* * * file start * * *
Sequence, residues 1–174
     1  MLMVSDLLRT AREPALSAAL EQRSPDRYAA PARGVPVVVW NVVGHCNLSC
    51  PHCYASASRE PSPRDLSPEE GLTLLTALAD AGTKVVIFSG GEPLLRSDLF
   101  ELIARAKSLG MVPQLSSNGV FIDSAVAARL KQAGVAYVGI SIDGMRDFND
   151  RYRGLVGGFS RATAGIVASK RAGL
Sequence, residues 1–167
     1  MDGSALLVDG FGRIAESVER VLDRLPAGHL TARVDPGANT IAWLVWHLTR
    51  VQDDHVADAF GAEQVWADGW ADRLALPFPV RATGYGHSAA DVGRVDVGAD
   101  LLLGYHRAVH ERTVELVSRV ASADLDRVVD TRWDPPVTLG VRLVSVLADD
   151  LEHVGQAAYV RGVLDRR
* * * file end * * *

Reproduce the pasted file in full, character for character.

Sequence, residues 1–174
     1  MLMVSDLLRT AREPALSAAL EQRSPDRYAA PARGVPVVVW NVVGHCNLSC
    51  PHCYASASRE PSPRDLSPEE GLTLLTALAD AGTKVVIFSG GEPLLRSDLF
   101  ELIARAKSLG MVPQLSSNGV FIDSAVAARL KQAGVAYVGI SIDGMRDFND
   151  RYRGLVGGFS RATAGIVASK RAGL
Sequence, residues 1–167
     1  MDGSALLVDG FGRIAESVER VLDRLPAGHL TARVDPGANT IAWLVWHLTR
    51  VQDDHVADAF GAEQVWADGW ADRLALPFPV RATGYGHSAA DVGRVDVGAD
   101  LLLGYHRAVH ERTVELVSRV ASADLDRVVD TRWDPPVTLG VRLVSVLADD
   151  LEHVGQAAYV RGVLDRR